Flammable pants sold as sleepwear

Seven On Your Side
December 24, 2008 3:08:51 PM PST
Since the federal government enacted children's sleepwear standards, the number of sleepwear-related deaths has decreased to a tenth of what it was. And parents have now come to expect that the nightgown or pajamas they buy will not catch fire. But we found one major retail chain that was apparently violating the regulations and putting children at risk.When an open flame is put to a child's cotton pant, it burns in seconds. If the pant caught fire while a child was wearing it..."It was 100 percent ignition and it would be very severe burns," retired clothing maker, Artie Mintz told 7 On Your Side's Tappy Phillips. The Consumer Product Safety Commission regulations are very clear: all children's sleepwear must be made of flame-resistant material or be tight fitting so that it won't brush against open flames. And anything sold as "loungewear" like these casual pants, "must comply with sleepwear standards."

"We believe that children that may use and parent who may buy lounge pants will use them for the same thing they use sleepwear for. We believe that children that may use and parents who may buy lounge pants will use them for the same thing they use sleepwear for," said Nychelle Fleming of the Consumer Product Safety Commission.

In other words, children fall sleep in "loungewear" pants. And where did we find these garments? We went to three Target stores, in Valley Stream, in the Atlantic Terminal in Brooklyn, and in Riverdale in the Bronx.

CPSC regulations say stores must "segregate, by placement in different parts of a department or store" sleepwear from items that "resemble items of children's sleepwear." The reason? So that the items are... "Clearly identified so that the consumer doesn't have any confusion about what they're purchasing," said Nychelle Fleming.

Yet at the Valley Stream store, these cotton pants, clearly marked "not intended for sleep" were sold on a rack right next to sleepwear.

When we took them to a lab, and burned a swatch according to CPSC specifications, the cotton pants went up in flames.

In Brooklyn, fleece pants and sleep pants were on back-to-back racks. When we took the fleece pants to the lab, they melted into sticky globs.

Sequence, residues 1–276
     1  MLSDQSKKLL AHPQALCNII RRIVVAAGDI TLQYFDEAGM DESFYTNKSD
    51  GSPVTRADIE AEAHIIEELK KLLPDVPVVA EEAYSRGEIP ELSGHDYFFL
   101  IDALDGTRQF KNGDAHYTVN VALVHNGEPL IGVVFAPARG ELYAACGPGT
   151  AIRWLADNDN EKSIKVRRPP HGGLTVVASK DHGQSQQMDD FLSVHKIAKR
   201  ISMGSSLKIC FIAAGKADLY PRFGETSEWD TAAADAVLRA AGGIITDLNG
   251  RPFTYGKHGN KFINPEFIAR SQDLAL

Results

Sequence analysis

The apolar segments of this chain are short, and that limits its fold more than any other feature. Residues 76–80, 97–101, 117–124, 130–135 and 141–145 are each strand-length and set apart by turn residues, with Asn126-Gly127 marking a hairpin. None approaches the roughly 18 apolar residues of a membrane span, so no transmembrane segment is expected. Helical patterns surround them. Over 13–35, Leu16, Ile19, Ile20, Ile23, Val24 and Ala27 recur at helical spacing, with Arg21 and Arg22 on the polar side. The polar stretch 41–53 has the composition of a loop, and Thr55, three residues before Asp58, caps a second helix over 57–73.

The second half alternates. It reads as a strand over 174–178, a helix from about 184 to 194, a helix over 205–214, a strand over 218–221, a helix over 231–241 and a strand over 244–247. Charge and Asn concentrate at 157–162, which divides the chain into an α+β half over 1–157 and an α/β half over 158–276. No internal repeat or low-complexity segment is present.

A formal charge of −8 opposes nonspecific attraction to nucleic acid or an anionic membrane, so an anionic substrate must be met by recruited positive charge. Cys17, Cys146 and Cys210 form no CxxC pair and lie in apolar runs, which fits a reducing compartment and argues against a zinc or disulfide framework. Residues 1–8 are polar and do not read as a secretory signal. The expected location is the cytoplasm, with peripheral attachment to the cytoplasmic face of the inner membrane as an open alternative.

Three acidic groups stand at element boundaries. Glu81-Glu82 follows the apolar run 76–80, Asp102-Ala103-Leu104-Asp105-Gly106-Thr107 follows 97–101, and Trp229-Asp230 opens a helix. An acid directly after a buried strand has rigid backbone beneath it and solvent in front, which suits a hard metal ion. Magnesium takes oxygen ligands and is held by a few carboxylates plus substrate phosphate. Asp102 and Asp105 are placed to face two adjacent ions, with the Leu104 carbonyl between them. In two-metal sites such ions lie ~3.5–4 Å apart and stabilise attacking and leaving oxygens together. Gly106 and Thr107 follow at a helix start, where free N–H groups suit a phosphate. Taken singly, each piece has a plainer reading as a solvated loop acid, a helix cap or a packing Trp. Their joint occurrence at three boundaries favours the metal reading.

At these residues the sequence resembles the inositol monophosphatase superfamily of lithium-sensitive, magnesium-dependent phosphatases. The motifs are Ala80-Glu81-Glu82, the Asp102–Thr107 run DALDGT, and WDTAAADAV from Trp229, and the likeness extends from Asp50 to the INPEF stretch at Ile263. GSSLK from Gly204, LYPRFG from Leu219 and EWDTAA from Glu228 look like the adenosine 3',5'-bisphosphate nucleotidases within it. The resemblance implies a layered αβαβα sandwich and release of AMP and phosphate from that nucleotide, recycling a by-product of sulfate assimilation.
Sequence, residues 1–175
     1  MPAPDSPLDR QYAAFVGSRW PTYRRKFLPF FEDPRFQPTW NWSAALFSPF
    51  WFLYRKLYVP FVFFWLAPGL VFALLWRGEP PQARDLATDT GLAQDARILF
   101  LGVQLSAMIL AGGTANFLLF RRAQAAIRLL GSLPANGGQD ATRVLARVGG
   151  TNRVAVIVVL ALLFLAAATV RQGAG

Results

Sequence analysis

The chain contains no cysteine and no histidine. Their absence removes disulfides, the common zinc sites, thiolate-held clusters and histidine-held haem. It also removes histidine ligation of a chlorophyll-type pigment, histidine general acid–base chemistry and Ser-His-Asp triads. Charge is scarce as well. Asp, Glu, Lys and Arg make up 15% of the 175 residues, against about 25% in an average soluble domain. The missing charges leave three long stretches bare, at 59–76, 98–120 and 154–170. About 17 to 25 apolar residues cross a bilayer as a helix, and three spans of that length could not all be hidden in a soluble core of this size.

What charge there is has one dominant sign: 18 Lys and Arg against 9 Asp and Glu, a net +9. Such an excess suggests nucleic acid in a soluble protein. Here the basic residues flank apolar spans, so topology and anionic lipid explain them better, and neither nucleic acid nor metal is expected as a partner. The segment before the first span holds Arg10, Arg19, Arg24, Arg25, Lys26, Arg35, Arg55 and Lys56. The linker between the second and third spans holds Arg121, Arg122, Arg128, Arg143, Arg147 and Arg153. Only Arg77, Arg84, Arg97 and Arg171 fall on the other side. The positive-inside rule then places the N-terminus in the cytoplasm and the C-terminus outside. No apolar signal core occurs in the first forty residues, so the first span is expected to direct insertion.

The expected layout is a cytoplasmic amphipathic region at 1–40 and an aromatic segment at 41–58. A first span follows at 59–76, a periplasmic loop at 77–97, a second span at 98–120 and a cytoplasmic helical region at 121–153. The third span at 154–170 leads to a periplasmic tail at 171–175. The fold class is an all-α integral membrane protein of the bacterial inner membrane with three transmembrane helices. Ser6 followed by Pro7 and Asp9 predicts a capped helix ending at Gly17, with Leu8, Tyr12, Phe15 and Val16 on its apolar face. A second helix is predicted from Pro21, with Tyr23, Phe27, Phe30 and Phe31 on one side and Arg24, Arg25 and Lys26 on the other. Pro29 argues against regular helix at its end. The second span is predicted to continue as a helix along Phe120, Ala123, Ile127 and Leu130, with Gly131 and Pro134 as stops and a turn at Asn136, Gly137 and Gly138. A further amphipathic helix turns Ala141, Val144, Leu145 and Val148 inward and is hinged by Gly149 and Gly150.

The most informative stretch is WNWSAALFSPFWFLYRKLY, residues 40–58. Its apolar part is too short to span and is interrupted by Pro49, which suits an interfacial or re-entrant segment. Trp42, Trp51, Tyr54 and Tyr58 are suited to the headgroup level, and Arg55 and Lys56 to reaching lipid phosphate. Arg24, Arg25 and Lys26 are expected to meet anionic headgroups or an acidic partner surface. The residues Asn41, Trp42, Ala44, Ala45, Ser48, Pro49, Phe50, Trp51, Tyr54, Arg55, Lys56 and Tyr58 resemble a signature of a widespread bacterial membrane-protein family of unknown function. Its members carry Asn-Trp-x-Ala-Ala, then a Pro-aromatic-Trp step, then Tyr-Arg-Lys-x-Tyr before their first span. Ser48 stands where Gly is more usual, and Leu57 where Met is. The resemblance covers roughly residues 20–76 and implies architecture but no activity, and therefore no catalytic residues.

And in Riverdale, the boys' fleece pants and sleep pants were sold on the same rack.

And while the fleece pants and cotton pants burned, look what happens when flame is applied to safe sleepwear. The fire goes out.

We asked a sleepwear expert how consumers would know about these regulations. "It's up to the retailer to be self-policing," said Artie Mintz.

After we inquired, the CPSC sent investigators to same Target stores we went to. "We re aware of the concern and actively investigating that, said the CPSC's Nychelle Fleming.

Target told us "Our company policies specify that children's loungewear be placed separately from children's sleepwear, and we apologize if our guests found instances where this didn't occur. While the product is clearly marked so our guests can distinguish between loungewear and sleepwear, we are sending out additional communication to our stores to ensure these products are placed in the correct location."

When we went back to the three stores, more than a week later, we found the products were now clearly separated at the Valley Stream store. But, in Riverdale, they were still on back-to-back racks. And in Brooklyn, the flammable pants and safe sleepwear were now on the same rack.

We checked other stores and found sleepwear clearly separated from other clothing. But it's up to parents to be careful. If you are buying clothing that you child might sleep in, check the label attached to the garment and sewn in a seam to make sure it's safe.

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Story by: Tappy Phillips


Produced by: Steve Livingstone


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